(Vatican Radio) Pope Francis presided over the via crucis – the Way of the Cross – this Good Friday evening at the Colosseum in Rome. The Way of the Cross is a centuries-old and much beloved devotion, that began as a sort of spiritual pilgrimage to the places and scenes and events of Christ’s passion for those who could not make the pilgrimage to the Holy Land in person, as well as for those who had made it and wished to relive their experience, and for those who were preparing for the journey. The practice of placing the “stations” of the Cross in churches, as well as the number of stations – 14 – is traceable at least to the 18 th century. Archbishop Giancarlo Maria Bregantini of Campobasso-Boiano in Italy composed the meditations accompanying this year’s via cruces devotion at the Colosseum. The faithful carrying the cross came from every age, background and state of life in the Church, all chosen to complement and illustrate the theme of suffering – often secret and in silence – that is the driving motif running through Archbishop Bregantini’s meditations. The event is always well attended, regardless of weather, though this year Rome’s civil authorities have anticipated an even larger than usual turnout. Giant television viewing screens in the nearby Circo Massimo and on the via dei fori imperiali, which runs past the Colosseum, have been put in place for participants. Listen to our report : ... 2 days 16 hours
Por que Judas traiu a Cristo? E porque, diferente dos outros, se suicidou? A traição e a idolatria do dinheiro é um pecado que condena de forma eterna? Ou a misericórdia de Deus sempre salva, mesmo os pecados mais graves? Estas e outras perguntas foram respondidas pelo Pe. Raniero Cantalamessa, durante a a pregaç... 2 days 17 hours
O Santo Padre presidirá a tradicional Via Crucis no Coliseu, hoje à noite, às 21h15. Mas desta vez ele permanecerá em oração no final da Via Crucis, sem pronunciar nenhum discurso, e, ao finalizar, abençoará os fiéis, foi o que afirmou o Pe. Federico Lombardi, diretor da Sala de Imprensa do Vaticano, em uma coletiv... 2 days 18 hours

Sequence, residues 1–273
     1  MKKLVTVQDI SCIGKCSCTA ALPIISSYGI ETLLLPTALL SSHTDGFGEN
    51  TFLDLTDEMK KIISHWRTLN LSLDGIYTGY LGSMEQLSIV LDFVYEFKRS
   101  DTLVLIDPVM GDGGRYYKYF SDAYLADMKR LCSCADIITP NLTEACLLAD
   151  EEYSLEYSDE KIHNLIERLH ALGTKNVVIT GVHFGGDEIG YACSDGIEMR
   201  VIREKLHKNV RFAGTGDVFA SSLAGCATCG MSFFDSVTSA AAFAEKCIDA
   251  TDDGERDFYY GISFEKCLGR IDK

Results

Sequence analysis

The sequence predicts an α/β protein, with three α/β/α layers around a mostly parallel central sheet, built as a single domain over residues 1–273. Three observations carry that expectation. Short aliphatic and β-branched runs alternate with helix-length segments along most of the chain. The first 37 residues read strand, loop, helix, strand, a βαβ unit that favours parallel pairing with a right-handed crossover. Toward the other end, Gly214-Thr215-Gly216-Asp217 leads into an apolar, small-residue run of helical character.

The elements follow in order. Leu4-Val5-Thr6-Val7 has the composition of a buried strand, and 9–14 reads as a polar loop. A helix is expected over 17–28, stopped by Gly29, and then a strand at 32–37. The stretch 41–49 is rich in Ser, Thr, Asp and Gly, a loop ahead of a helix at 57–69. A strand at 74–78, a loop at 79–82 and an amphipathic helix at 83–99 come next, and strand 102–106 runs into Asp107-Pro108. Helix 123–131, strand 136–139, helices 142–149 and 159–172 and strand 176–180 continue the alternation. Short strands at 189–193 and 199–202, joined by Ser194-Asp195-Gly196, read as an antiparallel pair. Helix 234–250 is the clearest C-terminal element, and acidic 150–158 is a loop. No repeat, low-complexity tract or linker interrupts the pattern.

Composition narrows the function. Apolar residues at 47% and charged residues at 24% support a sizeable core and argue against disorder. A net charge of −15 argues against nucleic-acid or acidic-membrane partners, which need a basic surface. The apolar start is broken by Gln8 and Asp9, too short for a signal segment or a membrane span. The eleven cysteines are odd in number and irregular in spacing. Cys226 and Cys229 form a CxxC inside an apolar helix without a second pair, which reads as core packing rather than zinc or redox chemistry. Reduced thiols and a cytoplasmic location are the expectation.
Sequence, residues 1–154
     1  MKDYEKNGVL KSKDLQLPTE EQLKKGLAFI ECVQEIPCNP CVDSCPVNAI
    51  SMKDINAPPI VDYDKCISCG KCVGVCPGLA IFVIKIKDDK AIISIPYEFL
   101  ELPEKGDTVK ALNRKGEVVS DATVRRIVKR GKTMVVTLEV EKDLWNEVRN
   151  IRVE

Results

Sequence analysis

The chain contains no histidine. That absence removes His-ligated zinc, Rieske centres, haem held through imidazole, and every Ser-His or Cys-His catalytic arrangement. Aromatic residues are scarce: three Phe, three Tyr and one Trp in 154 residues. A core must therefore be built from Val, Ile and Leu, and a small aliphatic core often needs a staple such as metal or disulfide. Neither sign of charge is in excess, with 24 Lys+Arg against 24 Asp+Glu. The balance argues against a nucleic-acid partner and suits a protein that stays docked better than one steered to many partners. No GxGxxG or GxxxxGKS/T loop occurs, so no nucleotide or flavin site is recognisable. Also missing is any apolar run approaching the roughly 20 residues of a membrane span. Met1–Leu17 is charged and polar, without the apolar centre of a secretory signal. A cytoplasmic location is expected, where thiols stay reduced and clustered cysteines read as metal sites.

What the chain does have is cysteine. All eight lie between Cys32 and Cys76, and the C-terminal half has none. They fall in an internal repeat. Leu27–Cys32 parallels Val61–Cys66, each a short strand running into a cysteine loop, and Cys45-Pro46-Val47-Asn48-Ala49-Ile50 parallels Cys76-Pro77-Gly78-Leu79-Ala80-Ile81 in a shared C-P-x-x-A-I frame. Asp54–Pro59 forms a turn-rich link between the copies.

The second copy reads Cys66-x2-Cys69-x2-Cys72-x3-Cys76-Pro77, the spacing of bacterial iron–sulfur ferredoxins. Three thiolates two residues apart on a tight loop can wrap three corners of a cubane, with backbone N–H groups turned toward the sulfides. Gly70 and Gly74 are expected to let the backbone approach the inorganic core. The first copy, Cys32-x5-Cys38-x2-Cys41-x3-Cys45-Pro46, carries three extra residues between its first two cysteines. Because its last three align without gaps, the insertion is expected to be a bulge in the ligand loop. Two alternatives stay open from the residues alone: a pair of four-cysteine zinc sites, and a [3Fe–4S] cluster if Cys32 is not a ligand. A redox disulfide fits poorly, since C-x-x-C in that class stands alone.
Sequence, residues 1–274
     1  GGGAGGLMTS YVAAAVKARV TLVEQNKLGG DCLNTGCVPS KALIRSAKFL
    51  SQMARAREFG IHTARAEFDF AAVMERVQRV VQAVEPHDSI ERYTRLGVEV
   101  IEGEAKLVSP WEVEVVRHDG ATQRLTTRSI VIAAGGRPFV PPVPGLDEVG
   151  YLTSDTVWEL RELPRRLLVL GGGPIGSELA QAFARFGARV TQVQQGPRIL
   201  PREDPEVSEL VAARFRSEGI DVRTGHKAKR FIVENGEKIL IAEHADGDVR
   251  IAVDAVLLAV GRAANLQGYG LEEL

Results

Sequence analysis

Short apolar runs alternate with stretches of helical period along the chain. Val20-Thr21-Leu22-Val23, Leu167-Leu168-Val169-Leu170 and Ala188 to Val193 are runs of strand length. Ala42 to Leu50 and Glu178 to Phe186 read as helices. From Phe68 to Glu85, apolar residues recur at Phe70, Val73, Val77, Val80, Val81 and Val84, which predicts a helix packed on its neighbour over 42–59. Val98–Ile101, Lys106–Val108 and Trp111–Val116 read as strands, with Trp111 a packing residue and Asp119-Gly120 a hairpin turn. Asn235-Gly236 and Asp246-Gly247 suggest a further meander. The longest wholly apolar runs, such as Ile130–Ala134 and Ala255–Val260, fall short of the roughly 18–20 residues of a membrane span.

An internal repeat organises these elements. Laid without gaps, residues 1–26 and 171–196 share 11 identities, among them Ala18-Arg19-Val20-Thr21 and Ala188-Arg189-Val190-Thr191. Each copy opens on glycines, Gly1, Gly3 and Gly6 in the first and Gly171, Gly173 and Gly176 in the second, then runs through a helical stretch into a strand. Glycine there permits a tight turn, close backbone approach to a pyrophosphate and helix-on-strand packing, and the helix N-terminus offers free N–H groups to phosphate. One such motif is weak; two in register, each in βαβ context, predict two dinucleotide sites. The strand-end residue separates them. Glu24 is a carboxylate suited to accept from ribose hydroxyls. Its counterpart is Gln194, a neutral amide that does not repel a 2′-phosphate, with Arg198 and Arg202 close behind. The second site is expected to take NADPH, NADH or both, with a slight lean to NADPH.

"Estava com eles também Judas, o traidor” Pregação da sexta-feira santa de 2014, na Basílica de São Pedro Dentro da história divino-humana da paixão de Jesus existem muitas pequenas histórias de homens e de mulheres que entraram no raio da sua luz ou da sua sombra. A mais trágica delas é a de Judas Iscariotes. ... 2 days 18 hours
(Vatican Radio) Hundreds of faithful filled St Peter’s Basilica Friday evening for the celebration of the Passion of Our Lord. The liturgy, also known as the Good Friday service, recalls the crucifixion and death of Jesus. Pope Francis presided the liturgy, whose focal points included the reading of the Passion of Christ and the Adoration of the Holy Cross. Earlier in the day, Fr Federico Lombardi, director of the Holy See Press Office, told a press conference that the celebration of the Passion of Our Lord is the only papal liturgy in the year when the Pope does not preach the homily. The Pope presides, but he does not speak any of his own words, said Fr Lombardi. Instead, the homily is given by the preacher of the papal household, currently Father Raniero Cantalamessa, O.F.M. Cap. Following the homily, the liturgy proceeded with the 10 universal prayer intentions specific to Good Friday: for the Church, the Pope, and all orders and degrees of the faithful, for catechumens, Christian unity, and the Jewish people, for those who do not believe in Christ and for those who do not believe in God, for all in public office and for all in special need. The second part of the liturgy followed with the Adoration of the Holy Cross, during which the Cross of Christ was unveiled. The Stabat mater , a 13 th -century hymn which meditates on the suffering of Mary at the foot of the Cross, was sung, after which the Cross was placed before the altar for the entire assembly to adore in silence. The Good Friday liturgy is not a Mass, therefore the Eucharist was not consecrated. However, Communion was distributed. After the Pope prayed the blessing over the people, the liturgy concluded in silence, with no words of dismissal, as is the tradition for this second day of the Easter Triduum. Listen to the report by Laura Ieraci : ... 2 days 18 hours